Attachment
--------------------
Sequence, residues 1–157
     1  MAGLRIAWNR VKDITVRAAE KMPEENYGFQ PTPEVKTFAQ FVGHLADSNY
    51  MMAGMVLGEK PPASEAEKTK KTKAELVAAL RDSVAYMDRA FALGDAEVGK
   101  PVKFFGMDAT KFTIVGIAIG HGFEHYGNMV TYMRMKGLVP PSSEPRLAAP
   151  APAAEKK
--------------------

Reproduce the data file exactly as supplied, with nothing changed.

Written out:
Sequence, residues 1–157
     1  MAGLRIAWNR VKDITVRAAE KMPEENYGFQ PTPEVKTFAQ FVGHLADSNY
    51  MMAGMVLGEK PPASEAEKTK KTKAELVAAL RDSVAYMDRA FALGDAEVGK
   101  PVKFFGMDAT KFTIVGIAIG HGFEHYGNMV TYMRMKGLVP PSSEPRLAAP
   151  APAAEKK